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Research Theme: Modelling of Materials and Structures

We investigate the processing-microstructure-properties-performance relations of materials.

Structural optimisation

Structural optimisation addresses the complex nature of many engineering structures. They may have tens, or even hundreds, of parameters. Some are continuous, such as the radius of a dome roof or the position of a circumferential girder. Others are discrete, such as the number of radial girders or the type of industrial section used for each girder.

Structural optimisation is multi-objective in nature. There is a need to minimise manufacturing cost: for example, by reducing mass. We must do this without sacrificing structural response and safety. This could include, for example, reducing deflection. These objectives can conflict.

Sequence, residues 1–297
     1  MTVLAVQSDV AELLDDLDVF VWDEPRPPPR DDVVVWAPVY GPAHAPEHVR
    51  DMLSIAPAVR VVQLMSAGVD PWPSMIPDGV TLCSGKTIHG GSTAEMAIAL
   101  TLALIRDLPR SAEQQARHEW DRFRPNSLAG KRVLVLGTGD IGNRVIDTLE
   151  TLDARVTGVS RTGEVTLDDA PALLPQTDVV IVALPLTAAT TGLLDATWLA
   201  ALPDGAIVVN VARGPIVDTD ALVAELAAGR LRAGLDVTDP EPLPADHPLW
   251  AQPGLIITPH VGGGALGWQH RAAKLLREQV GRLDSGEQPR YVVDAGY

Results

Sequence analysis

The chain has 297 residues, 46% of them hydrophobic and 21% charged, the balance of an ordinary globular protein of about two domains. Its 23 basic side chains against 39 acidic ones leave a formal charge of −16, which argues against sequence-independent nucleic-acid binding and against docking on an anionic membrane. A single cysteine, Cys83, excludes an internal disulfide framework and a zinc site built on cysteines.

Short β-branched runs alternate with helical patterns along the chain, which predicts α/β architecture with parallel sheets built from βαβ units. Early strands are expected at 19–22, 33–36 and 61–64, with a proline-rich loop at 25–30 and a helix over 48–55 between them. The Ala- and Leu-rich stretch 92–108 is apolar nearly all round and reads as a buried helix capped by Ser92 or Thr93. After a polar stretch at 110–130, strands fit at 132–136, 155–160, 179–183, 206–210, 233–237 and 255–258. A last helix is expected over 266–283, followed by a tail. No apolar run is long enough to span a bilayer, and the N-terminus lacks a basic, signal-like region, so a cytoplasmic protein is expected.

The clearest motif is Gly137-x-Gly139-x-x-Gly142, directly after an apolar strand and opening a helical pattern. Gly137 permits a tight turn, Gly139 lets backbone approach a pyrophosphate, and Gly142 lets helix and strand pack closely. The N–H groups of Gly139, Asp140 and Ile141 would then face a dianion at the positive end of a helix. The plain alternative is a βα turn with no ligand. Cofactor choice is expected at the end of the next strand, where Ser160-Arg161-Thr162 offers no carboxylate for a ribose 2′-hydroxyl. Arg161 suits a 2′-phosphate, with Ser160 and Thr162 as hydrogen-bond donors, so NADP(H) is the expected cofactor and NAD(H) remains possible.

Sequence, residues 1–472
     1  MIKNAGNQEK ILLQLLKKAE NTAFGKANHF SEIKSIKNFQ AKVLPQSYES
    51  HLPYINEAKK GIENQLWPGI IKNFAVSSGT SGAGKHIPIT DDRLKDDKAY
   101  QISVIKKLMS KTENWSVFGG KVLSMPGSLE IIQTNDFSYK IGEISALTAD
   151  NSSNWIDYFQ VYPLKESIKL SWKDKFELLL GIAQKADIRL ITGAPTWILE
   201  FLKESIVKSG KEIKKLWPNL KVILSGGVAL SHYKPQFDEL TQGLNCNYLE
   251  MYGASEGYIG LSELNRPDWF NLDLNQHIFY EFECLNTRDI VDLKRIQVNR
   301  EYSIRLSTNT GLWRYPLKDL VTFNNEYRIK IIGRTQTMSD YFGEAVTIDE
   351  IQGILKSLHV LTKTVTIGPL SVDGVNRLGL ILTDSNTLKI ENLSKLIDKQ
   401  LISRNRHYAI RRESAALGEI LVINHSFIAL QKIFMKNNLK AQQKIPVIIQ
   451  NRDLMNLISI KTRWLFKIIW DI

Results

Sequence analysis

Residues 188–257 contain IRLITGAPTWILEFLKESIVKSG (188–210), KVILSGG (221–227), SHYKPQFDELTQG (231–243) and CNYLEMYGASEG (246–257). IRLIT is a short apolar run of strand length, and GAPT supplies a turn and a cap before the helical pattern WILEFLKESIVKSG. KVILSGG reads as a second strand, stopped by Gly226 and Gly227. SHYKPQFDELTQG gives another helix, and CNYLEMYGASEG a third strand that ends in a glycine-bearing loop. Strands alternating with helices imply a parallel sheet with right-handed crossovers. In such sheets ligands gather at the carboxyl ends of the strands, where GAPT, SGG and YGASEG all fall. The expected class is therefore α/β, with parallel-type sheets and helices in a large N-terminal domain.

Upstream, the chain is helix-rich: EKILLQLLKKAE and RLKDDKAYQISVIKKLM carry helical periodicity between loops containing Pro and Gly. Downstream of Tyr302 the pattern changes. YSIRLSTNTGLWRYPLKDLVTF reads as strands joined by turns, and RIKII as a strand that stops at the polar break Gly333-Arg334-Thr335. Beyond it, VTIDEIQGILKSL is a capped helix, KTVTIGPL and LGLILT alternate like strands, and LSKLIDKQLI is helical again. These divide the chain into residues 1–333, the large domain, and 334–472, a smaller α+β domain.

Optimisation methods are evolutionary. They change incrementally from an initial design.

Metaheuristics are problem-independent techniques. Optimisation methods are also metaheuristic. They are often trial and error based.

Many metaheuristic algorithms are nature-inspired, such as the Bees Algorithm.

Optimal solutions are rare. The best algorithms may incorporate aspects of:

  • the engineering knowledge and experience of evolutionary structural methods (such as MESO)
  • the intuition of random searches
Left: MESO step diagram, Right: Mass Deflection Pareto Fronts